Bleeding brakes

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Some things are simply meant to be difficult. Generally speaking, bleeding brakes isn’t that difficult. With a little experience and understanding about the mechanics, the process becomes straightforward. I won’t say bleeding brakes is easy, just because it can be messy and depending on the method, a little tedious.

Front brakes are difficult because, in most cases, the method to bleed the brakes means forcing air downward, which goes against nature. On top of that, dual front disc brakes are difficult because air gets pushed from left to right as one side is bled, then the other. This little game that air plays—bleed the left side and the air moves to the right side, bleed the right and air moves left—can go on for quite a spell and be frustrating (to say the least). Don’t ask me how I know.

Time for a rebuild.

Front brakes are difficult because, in most cases, the method to bleed the brakes means forcing air downward, which is against nature. Dual front disc brakes are simply meant to be difficult because air gets pushed from left to right as one side is bled, then the other.

Here are a few methods that work with varying degrees of success. Sometimes, it’s helpful to combine two or more methods to get that firm feeling in the brake lever.

  1. The Basic Procedure:
    1. Put a clear hose on the caliper bleeder screw and put the other end in a jar.
    2. To replace the brake fluid, open the bleeder screw on the caliper and pump the lever until all the old fluid is pumped out and new fluid begins to flow. Constantly check the master cylinder fluid level and add more fluid as needed. Don’t let the master cylinder run dry and pump air into the system.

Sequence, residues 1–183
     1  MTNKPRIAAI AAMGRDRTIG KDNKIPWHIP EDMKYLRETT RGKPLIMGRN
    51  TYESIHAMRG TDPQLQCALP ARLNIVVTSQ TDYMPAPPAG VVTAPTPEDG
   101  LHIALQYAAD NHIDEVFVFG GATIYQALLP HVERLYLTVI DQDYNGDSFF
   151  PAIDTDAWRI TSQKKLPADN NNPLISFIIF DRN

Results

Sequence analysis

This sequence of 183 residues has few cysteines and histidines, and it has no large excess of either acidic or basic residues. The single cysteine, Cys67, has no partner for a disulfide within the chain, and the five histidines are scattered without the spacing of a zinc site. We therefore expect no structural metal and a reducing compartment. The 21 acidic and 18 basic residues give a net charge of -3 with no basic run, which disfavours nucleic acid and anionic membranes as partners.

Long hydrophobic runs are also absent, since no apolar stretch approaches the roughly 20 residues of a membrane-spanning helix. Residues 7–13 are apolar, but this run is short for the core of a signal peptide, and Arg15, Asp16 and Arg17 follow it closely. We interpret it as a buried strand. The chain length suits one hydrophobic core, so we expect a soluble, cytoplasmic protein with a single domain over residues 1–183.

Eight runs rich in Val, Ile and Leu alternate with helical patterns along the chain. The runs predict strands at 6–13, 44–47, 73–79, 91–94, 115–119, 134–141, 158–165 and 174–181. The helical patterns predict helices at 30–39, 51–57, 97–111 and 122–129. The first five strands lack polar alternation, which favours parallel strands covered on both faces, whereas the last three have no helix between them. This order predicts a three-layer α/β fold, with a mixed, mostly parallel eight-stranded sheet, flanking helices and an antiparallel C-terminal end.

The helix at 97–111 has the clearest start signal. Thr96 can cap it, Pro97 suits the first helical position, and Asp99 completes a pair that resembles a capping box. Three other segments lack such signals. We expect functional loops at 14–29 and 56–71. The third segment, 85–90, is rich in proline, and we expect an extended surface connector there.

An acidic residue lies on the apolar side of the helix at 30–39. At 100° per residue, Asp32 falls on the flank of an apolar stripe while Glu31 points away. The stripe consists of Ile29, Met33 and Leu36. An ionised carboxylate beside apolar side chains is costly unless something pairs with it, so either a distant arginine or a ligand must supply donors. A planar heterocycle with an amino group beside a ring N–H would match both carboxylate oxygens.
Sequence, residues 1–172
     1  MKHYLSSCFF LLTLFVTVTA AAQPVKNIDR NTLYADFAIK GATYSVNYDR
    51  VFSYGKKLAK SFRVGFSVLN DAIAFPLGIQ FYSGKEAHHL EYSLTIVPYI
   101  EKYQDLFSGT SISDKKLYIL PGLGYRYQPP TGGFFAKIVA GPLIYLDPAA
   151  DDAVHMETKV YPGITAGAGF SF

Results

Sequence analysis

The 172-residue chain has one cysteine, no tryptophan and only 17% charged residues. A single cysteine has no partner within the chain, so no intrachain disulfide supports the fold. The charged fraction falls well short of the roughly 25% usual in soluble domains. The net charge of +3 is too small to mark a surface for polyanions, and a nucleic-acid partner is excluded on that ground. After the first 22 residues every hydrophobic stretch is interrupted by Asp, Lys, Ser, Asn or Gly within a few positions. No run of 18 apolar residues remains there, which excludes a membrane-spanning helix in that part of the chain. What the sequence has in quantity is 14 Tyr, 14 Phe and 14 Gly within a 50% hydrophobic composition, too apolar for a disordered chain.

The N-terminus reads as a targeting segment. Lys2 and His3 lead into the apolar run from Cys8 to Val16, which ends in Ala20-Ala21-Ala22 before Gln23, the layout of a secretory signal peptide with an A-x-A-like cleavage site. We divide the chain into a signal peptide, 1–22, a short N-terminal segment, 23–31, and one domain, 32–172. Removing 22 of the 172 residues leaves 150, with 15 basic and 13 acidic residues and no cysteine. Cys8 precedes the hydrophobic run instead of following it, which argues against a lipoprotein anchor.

3. To fill the brake lines and caliper with brake fluid, open the bleeder screw. Squeeze the brake lever and hold it. Now, close the bleeder screw and release the lever. Do this until the lines are full.
    4. To bleed the brakes of air, pump the brake lever several times, then hold it. Open the bleeder screw on the caliper, and brake fluid mixed with air will be expelled. Close the screw and pump the lever several times again, repeating the process until no air bubbles are in the brake fluid being expelled and the lever has a firm feel. Top off the master brake cylinder fluid level.
    5. Clean everything off with water to remove any brake fluid.
  2. The Basic Procedure II: Use a bleeder tool like the Motion Pro Hydraulic Brake Bleeder or the Mityvac or any number of other options.
  3. Dual Front Discs:
    1. More often than not, the basic procedure won’t work for reasons already mentioned.
    2. Time to break out some other methods and pump it up.
  4. Gravity Bleeding: Put the bike on its side stand. Turn the handle bars so that the master cylinder is a little higher than normal. Pull the brake lever all the way in and secure it with a zip tie, rubber band or whatever. Leave the bike sit overnight. This method allows the air bubbles to rise through the brake lines and exit at the master cylinder. This is a favorite of mine for two reasons. First, it doesn’t make me do the work. And second, it almost always works.
  5. Reverse Bleeding:
    1. Get a 60cc syringe and a 6″ piece of clear plastic tubing to fit the tip of the syringe and the bleeder screw. Attach the tubing to the syringe. Tightening a small zip ties around the hose/screw will make sure it’s airtight.